Enrolling Your Child With A Rare Disease in A Sport

When your child has a muscle-wasting disease, but is still ambulatory, it’s hard to decide if you should sign them up to play a sport… He’s at the age where all of his friends have started playing something and he’s been asking to do the same. But we’ve been apprehensive, there are so many fears. Will he get frustrated when he can’t keep up? Will he fatigue or get hurt? Will other kids say things about him because he’s different? Do we say something to the kids, parents and coaches? And if so, what? And how? And when? Do we introduce him to something he may not be able to do for much longer? But at the end of the day, we realized that these were OUR fears, not his. 

At the end of the day, he just wants to do what other kids do. He wants to be part of a team. He wants to invite people to his games and have people cheer for him. He wants to know what it's like to get a new jersey, and cleats. He wants to go through the parent tunnel after the game and get a yummy snack. He wants to be a kid. 

And who are we to stop him? If Duchenne has taught us anything it’s that we truly are not promised tomorrow, so we are going to make the most of today.

Important things to consider/do when enrolling your child with a rare disease in a sport:

COMMUNICATION is Key: with coaches, parents, players and your kiddo

  1. Connect with someone you know, (classmate, cousin) to get them on a team instead of randomly signing them up. Talk to the coach casually about your child and see their response, you will likely know pretty quickly if they would be a good advocate and support for your child in such an endeavor. This has helped us find the right people and environment for him which ultimately makes all the difference. When the season starts, he has at least a couple of friends and families that already know about his differences.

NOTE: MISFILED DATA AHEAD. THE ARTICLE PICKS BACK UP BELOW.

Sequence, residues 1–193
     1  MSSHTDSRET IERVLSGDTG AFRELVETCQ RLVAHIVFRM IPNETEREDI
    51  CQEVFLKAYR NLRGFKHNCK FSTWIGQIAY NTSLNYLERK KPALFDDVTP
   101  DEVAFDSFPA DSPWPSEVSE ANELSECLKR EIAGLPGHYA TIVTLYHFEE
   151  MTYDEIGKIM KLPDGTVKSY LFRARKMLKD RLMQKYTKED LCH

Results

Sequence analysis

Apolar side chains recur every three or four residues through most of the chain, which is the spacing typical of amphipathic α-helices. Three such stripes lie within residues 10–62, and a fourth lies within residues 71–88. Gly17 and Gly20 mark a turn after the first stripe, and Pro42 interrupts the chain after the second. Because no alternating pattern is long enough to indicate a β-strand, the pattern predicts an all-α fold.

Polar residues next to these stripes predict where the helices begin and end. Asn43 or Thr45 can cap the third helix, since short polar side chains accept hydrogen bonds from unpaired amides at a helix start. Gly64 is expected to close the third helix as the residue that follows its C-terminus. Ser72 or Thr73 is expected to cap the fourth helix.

1. Don’t be afraid to speak up and offer the coaches ideas for ways your child can be involved if he does need a rest, or can’t quite keep up.

            a. He's in charge of helping get balls in the net, not running extra to get them cleaned up

            b. His water is placed near the field, or coach carries it so he doesn’t have to do extra running for a water break

            c. In certain drills, it's ok that his starting point is significantly closer than other kids. 

  1. Speak with your child and let them know they may not be able to do everything, and that's ok, they still are an important part of the team. Make sure they know the importance of taking breaks when needed, and they don’t have to try and keep up if they feel tired. We even remind our guy that if he needs a little more rest in a drill, just have a couple kids go ahead of him in line, they will think it's kind of him to do so. Help them advocate.
  1. Use email templates to help educate coaches and parents before the season begins.

    5. Check in and watch your child, are they having fun? You will probably quickly be able to tell based on what you see, and how they speak about the experience. If they are having fun, relax and enjoy- so many of our initial fears were not his fears. Our son just loves to be out there and be a part of a team.